Blogging Bayport Alameda

February 24, 2023

Do better Alameda

Filed under: Alameda — Lauren Do @ 6:04 am

By now, if you’re on Facebook, you’ve seen the photo of the chess table at Chechenyo Park covered in racist graffiti. And, honestly, given that all the swastikas are all backward it’s probably some dumb kid who has consumed too much YouTube and went down a right wing hole like a few of the commenters on this very blog. The difference is that the graffiti dumbass is young enough that hopefully, with some help, can realize that being a Nazi probably isn’t all that great. The adults on this blog regurgitating right wing conspiracy theories will probably muttering about sex trafficking out of pizza parlors while cashing their social security checks.

So, Alameda, maybe talk to your kids about not drawing swastikas and etching “white power” on public property, And, you know, perhaps sit them down and have a chat with them about the horrors of the Holocaust and how Nazis shouldn’t be folks to emulate. In other news I saw a amazing trailer for a movie which purportedly was from the studio that produced the John Wick series (which I love) which was all about killing Nazis.


  1. In 4th grade at Longfellow, each student in my class had to pick a national or political flag, and present it to the class. We had some dictionary or some old source book. Without reading the nearby description, i thought the Nazi “swastika” looked cool or stood out. “Can i do this one?” I asked. With no explanation, teacher told me no. I then chose Tanzania.

    As an undergrad, i read a lot about pre-war African Americans in the East Bay. Decades after that first encounter with the symbol i by then understood as a symbol of white supremacy, i was shocked to learn that Black women in 1920s Berkeley had formed a “Swastika Club.” This was a post-suffrage civic group—since the others had been segregated. I later learned that the original symbol—the one the Nazis reversed—had other connotations for Hindus and others, including Africans in America, before the rise of the Nazi Party.

    Two things: I am grateful my family was able to direct me to towards anti-racist research when my school was not. I went home and told my mom what happened and how i could not chose the flag i liked. She made me use either this 20lbs dictionary we had at home and/or encyclopedia set to research the Nazis. She later talked to me about racism, Jewish Holocaust, and white supremacy. My elementary teachers were not equipped to talk to me about this topic in early 90s—although i recall Ms. Manning (a Black principal) or someone other than my teacher explaining the symbol to me after my research.

    Second, individuals and groups pervert co-opt and appropriate symbols. The tattered chessboard and reversed swastikas, at a park honoring the language of an Indigenous group colonizers did not exterminate, is not effective expression or representation of “white power.” Not that we need more effective or accurate Nazi vandalism, but i wonder how incorporating Ethnic Studies both as graduation requirement and into lessons for younger children will impact this recurring issue of white supremacist graffiti around Alameda, especially in the schools.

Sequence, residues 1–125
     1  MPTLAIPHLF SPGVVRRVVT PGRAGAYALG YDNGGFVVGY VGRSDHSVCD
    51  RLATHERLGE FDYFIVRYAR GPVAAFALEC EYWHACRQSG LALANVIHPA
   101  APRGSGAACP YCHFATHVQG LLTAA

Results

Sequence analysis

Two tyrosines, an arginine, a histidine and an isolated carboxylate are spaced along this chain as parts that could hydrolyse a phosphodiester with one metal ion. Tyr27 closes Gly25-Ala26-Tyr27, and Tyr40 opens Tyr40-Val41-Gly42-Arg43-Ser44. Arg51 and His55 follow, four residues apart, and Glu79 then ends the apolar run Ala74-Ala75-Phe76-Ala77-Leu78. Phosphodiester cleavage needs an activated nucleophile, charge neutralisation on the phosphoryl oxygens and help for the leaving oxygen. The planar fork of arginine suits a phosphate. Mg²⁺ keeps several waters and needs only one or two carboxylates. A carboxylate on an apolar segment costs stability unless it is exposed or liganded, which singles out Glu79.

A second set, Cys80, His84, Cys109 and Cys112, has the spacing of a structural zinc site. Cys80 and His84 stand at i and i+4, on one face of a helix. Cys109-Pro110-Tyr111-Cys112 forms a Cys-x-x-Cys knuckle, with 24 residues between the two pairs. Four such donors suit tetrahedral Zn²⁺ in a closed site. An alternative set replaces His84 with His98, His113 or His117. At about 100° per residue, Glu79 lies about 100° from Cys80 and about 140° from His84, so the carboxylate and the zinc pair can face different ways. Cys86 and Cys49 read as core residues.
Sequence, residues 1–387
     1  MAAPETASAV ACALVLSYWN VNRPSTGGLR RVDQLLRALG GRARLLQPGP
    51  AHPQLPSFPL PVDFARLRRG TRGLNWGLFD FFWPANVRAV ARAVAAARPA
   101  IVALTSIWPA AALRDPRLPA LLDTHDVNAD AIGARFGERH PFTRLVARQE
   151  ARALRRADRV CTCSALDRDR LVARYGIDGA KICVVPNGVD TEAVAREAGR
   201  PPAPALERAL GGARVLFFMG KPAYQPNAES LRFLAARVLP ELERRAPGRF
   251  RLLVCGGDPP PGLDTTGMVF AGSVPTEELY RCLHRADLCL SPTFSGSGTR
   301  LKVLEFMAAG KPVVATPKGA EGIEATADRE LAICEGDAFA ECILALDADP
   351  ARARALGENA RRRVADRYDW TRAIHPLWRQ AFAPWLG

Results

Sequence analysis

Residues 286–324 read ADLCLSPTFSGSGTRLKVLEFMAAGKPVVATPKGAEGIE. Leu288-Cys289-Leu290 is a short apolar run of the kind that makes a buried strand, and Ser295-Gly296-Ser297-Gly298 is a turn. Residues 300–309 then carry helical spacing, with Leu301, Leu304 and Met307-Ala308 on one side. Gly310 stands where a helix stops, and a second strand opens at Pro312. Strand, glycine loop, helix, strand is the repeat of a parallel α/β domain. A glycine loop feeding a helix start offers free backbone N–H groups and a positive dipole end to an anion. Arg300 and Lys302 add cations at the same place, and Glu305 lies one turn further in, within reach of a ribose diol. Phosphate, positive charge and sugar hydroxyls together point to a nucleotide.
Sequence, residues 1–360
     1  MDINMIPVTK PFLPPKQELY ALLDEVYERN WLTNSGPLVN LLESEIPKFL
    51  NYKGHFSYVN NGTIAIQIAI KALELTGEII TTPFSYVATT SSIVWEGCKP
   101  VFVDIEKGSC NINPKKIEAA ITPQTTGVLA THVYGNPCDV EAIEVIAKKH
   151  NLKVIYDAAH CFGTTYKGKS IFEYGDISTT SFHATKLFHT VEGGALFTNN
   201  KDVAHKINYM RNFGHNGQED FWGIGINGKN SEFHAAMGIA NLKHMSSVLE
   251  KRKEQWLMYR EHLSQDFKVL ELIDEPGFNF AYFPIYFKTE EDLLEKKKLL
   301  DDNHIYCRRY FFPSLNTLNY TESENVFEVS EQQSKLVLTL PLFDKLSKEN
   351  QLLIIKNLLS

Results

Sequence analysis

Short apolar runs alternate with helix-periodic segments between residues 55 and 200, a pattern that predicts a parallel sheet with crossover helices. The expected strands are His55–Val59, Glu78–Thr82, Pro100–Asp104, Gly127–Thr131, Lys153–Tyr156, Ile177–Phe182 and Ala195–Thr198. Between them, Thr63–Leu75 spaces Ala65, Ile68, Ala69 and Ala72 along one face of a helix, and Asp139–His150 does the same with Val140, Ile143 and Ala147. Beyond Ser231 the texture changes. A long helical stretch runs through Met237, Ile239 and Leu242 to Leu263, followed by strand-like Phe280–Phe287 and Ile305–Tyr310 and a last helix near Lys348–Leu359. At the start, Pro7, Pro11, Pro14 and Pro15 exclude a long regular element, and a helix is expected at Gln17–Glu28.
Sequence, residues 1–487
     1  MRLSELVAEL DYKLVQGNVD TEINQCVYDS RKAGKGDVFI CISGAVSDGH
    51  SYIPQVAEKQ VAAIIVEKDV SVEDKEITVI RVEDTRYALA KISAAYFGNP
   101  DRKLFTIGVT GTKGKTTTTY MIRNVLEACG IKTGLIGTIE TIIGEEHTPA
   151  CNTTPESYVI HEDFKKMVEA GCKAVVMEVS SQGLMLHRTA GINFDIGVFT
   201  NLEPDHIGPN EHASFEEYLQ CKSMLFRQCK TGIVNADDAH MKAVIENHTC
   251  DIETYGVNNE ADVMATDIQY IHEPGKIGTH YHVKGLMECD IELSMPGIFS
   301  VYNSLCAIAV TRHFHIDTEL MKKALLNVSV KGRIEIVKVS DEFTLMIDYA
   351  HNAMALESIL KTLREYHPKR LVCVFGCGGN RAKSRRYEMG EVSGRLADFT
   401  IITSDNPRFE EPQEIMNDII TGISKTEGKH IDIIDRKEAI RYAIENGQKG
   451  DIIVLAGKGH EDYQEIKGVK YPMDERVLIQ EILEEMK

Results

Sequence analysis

Comment by Rasheed Shabazz — February 24, 2023 @ 7:00 am

    • You make an important point. What is taught or not taught in class or by religious institutions is important.

      Have you heard of the Black Israelites? SFGate has an article about a Mt.Eden HS teacher suspended for using anti-Semitic materials in his English class. The teacher is African American and also (according to the article) preaches at a church in Alameda. He uses the same anti-semetic material that garnered a suspension for NBA basketball star Kyrie Irving.

      Comment by Do your research — February 25, 2023 @ 7:16 am

  2. Walking around town I have noticed a few older homes with swastikas in their trim work. Most common is in cast iron grates that cover crawl space vents, but it shows up in other ways too. Fortunately they’ve all been in pre-1930 homes. Each time I’ve seen it has been in part of the house that would be difficult to remove, which makes me wonder if other homes had them removed from more accessible areas.

    Comment by dave — February 24, 2023 @ 7:48 am

  3. I fully agree with Mr. Shabazz with the idea that incorporating Ethnic Studies at the k-12 level can create substantial shifts in communities. There’s been lots of studies to show the impact, including a recent one from Stanford where data indicated improved attendance, grade point average and graduation rates for those who took Ethnic Studies in 9th grade. As a teacher in Alameda, I also see how young people are more interested and curious about how they can create change than ever before and are willing to use their voices to speak up against injustice.

    Comment by Heidi Guibord — February 25, 2023 @ 8:48 pm

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